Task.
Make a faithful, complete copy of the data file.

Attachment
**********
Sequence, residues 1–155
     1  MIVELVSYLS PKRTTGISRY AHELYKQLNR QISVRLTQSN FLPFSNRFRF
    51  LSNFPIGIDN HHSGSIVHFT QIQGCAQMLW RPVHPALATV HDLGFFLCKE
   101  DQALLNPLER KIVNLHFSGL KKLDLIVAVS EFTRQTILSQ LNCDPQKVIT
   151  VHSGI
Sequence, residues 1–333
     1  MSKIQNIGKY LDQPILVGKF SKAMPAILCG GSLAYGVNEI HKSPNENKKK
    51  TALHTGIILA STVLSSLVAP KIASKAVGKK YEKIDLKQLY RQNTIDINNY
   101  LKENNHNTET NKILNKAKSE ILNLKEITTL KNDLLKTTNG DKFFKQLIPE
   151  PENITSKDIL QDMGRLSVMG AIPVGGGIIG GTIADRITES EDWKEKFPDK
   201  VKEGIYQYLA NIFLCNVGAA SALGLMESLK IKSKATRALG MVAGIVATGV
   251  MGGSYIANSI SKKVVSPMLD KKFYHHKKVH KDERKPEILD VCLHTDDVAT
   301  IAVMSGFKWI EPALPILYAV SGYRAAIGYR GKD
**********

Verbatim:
Sequence, residues 1–155
     1  MIVELVSYLS PKRTTGISRY AHELYKQLNR QISVRLTQSN FLPFSNRFRF
    51  LSNFPIGIDN HHSGSIVHFT QIQGCAQMLW RPVHPALATV HDLGFFLCKE
   101  DQALLNPLER KIVNLHFSGL KKLDLIVAVS EFTRQTILSQ LNCDPQKVIT
   151  VHSGI
Sequence, residues 1–333
     1  MSKIQNIGKY LDQPILVGKF SKAMPAILCG GSLAYGVNEI HKSPNENKKK
    51  TALHTGIILA STVLSSLVAP KIASKAVGKK YEKIDLKQLY RQNTIDINNY
   101  LKENNHNTET NKILNKAKSE ILNLKEITTL KNDLLKTTNG DKFFKQLIPE
   151  PENITSKDIL QDMGRLSVMG AIPVGGGIIG GTIADRITES EDWKEKFPDK
   201  VKEGIYQYLA NIFLCNVGAA SALGLMESLK IKSKATRALG MVAGIVATGV
   251  MGGSYIANSI SKKVVSPMLD KKFYHHKKVH KDERKPEILD VCLHTDDVAT
   301  IAVMSGFKWI EPALPILYAV SGYRAAIGYR GKD